Every intelligence has to be taught … the incredible avalanche of collected data about our world … provides the schooling that AIs need. Massive databases, self-tracking, web cookies, online footprints, terabytes of storage, decades of search results, Wikipedia, and the entire digital universe became the teachers making AI smart.

The article also talks of “deep-learning algorithms” and of “artificial smartness” that might ultimately lead us to question our existing assumptions about human intelligence and learning. The kind of machine intelligence articulated here is not the kind dystopically typified by Hollywood movies, but the kind that lumbers in what Nigel Thrift terms the “technological unconscious” of everyday life, gathering its energy and dynamism from devouring and digesting our data trails.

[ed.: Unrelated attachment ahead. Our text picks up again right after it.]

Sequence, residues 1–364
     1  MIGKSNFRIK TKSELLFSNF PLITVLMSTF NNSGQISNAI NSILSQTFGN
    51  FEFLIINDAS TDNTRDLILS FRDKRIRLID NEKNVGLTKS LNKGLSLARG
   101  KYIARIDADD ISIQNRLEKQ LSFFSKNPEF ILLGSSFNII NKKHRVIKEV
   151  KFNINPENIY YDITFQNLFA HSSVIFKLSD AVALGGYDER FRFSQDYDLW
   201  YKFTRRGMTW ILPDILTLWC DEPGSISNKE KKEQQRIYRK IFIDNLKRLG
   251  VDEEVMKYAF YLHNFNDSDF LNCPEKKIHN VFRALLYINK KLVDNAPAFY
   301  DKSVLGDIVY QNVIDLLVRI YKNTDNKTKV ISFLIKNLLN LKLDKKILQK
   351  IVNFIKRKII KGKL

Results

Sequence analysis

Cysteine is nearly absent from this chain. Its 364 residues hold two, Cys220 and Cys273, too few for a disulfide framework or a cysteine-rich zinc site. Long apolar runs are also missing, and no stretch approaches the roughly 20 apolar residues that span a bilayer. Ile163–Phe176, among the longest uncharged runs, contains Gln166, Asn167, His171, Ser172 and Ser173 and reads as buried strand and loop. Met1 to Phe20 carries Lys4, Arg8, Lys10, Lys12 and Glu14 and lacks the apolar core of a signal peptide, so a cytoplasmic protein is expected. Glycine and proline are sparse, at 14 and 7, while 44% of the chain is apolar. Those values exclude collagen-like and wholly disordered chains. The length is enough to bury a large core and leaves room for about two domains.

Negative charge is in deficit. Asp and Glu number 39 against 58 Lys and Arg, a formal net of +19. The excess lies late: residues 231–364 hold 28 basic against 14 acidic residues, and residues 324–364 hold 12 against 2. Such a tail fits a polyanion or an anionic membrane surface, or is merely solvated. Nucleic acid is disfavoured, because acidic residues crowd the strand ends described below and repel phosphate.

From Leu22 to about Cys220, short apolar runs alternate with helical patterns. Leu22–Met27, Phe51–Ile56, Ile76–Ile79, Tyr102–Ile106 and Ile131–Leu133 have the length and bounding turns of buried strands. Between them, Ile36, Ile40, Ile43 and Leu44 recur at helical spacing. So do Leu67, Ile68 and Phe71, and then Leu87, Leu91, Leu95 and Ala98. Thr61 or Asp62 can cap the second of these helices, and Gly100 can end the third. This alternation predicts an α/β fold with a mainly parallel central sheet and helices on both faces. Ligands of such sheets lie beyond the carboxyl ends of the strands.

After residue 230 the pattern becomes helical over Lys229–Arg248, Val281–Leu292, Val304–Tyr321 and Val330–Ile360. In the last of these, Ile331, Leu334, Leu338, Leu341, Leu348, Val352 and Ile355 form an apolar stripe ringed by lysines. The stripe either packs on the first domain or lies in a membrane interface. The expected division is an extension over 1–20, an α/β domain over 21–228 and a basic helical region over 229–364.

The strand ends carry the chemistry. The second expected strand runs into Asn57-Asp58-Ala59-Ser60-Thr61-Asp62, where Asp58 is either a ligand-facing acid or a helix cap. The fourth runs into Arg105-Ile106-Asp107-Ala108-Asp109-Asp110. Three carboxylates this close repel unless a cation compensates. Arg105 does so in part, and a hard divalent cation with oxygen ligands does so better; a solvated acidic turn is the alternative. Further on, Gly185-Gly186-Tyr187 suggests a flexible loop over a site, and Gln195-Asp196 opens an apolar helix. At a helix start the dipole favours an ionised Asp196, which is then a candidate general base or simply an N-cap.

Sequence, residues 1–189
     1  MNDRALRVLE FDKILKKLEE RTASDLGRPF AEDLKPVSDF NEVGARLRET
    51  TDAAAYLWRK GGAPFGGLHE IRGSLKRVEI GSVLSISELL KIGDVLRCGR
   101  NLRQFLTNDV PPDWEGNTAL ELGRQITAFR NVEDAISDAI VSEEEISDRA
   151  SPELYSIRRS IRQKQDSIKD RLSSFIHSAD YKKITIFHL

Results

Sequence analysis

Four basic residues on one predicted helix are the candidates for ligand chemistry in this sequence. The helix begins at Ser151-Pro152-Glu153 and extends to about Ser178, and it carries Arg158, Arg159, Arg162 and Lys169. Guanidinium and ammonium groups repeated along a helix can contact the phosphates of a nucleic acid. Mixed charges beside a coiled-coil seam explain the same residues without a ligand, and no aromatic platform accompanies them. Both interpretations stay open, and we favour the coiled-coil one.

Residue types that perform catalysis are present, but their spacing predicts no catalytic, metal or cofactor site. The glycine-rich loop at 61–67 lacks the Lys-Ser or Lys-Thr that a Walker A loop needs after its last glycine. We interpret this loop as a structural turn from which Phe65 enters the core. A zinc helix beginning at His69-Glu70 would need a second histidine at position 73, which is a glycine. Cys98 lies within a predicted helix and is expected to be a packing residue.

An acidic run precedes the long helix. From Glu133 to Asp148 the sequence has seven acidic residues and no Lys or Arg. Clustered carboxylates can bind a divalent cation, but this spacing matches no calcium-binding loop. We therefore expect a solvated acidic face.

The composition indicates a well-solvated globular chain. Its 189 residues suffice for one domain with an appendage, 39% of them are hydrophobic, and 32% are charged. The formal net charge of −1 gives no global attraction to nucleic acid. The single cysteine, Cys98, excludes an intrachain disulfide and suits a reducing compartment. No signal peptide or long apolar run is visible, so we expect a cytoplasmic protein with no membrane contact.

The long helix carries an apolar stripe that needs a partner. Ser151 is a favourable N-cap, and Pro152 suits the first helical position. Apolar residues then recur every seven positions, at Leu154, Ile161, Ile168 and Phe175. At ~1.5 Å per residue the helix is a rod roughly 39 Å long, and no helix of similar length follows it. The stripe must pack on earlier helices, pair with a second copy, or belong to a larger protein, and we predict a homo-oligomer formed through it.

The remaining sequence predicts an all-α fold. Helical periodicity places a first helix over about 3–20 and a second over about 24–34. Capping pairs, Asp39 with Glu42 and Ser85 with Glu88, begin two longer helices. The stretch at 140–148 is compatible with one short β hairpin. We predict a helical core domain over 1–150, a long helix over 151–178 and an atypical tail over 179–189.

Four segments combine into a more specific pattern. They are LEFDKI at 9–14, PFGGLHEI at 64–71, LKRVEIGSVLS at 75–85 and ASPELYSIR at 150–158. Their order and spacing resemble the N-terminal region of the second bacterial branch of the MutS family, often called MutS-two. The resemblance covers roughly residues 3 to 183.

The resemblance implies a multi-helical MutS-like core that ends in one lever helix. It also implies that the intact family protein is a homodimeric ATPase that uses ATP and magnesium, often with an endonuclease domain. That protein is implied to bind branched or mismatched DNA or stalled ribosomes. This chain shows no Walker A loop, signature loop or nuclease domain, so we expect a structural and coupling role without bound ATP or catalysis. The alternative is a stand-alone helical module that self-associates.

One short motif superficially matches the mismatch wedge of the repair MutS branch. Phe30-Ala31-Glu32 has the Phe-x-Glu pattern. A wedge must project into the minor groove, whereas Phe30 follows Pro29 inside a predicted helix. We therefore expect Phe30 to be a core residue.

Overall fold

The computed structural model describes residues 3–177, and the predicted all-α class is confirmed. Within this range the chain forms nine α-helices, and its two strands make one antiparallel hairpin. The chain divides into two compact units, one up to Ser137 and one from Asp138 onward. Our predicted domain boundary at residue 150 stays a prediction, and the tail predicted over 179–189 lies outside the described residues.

From this perspective, brain-based advances in machine intelligence are now being accelerated through the kind of “tutoring” provided by big data. Big data is the teacher of machine intelligence. Indeed, the relationship between big data and machine intelligence is not unidirectional, but is rather reciprocal, with big data helping to train machines, and machine intelligence being used to advance the development of big data analytics. The reciprocal relationship between big data and machine intelligence is itself an emerging concern in the interdisciplinary field of neural networks, where it has been suggested that “the brain is arguably the best and most elegant big data processor and is the inspiration for neural network learning methods”: